Air and search continues after thirteen die when an asylum boat sinks off Christmas Island

June 09, 2013 |  GEMMA JONES WITH WIRES

Search goes on as more bodies found

A a massive air and sea search is continuing for survivors after at least 13 people died when an asylum seeker boat sank off Christmas Island. The vessel was believed to be carrying 60 people. Source: News Limited

THE bodies of 13 asylum seekers have now been sighted by Australian rescuers in the grim search for at least 55 men, women and children lost at sea off Christmas Island after their vessel vanished last week.

Home Affairs Minister Jason Clare, who received a briefing on the operation earlier today, said bodies had been sighted from the air.

On Wednesday, the asylum seekers had been spotted by the crew of a maritime patrol plane waving on the deck of their boat and did not seem to be in distress.

That plane identified about 55 people on the boat’s deck, most were adult men, though the group did include some women and children.

When HMAS Warramunga arrived in the area early on Thursday morning, it couldn’t find the boat. Its submerged hull wasn’t spotted until Friday morning.

A Customs aircraft helping with the search saw nine bodies in the water on Saturday afternoon.

Another four bodies were found later in the evening.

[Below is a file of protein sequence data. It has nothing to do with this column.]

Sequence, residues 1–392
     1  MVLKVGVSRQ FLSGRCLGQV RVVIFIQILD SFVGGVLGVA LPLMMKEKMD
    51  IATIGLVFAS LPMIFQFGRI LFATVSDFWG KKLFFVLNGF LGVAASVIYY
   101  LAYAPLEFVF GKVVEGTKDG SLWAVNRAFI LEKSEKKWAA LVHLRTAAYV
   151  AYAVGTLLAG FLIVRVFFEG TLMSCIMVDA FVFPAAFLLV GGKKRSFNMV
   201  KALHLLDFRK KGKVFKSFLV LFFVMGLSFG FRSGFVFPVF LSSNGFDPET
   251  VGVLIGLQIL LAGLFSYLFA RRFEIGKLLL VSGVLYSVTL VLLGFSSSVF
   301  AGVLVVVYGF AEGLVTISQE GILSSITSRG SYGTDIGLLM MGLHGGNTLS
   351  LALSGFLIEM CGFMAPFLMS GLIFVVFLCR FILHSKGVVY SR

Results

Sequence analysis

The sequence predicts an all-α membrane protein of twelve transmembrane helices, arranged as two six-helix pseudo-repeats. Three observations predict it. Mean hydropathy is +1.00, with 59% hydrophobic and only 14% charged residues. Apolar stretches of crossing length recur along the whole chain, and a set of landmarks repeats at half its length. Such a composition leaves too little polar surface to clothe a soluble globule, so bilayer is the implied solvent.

The bodies are yet to be recovered as the search for survivors continues.

“This is another terrible tragedy, another terrible reminder of how dangerous these journeys are,” Mr Clare said.

Authorities launched a large search involving RAAF planes, Navy vessels and merchant ships about 65 nautical miles north west of Christmas Island, where the asylum boat was last seen.

Crew of a RAAF plane involved in the search and rescue mission spotted what looked like a body in a life jacket in the water at about 8pm on Friday night.

A Navy vessel reached the scene of the sighting within an hour but the crew was unable to locate the suspected body.

The first ships to arrive found a debris field.

In the first week of June 660 asylum seekers reached Australia with more than 11,300 arriving so far in 2013 with the record influx stretching Australian authorities.

The suspected sinking is the first since a boat went down near Java in Indonesia in April.

Just 14 survivors were plucked from the water from the vessel which was carrying just over 70 people.

The remaining passengers were never found with Indonesia conducting only a limited search.

In March, a young boy and a woman died after a boat carrying 95 people capsized near Christmas Island.

Meanwhile the Coalition said if it wins the election in September it wouldn’t need a formal agreement with Indonesia to send asylum seeker boats back there.

Opposition border protection spokesman Michael Keenan says the Howard government didn’t have any formal arrangement when it successfully turned boats back.

But he says a co-operative relationship with Indonesia would be “pivotal”.

“When it comes to turning these boats back around it would be sending Indonesian-flagged boats with an Indonesian crew back to the Indonesian port from which they’ve left,” he told Sky News today.

“There’s absolutely nothing stopping that. We don’t need a formal arrangement with the Indonesians to do that.”

Indonesia’s ambassador to Australia Nadjib Riphat Kesoema recently ruled out any collaboration between the two nations to send people back to Indonesia because it wasn’t their country of origin.

Foreign Minister Bob Carr said the opposition was trying to trick Australians with a simple “turn back the boats” slogan.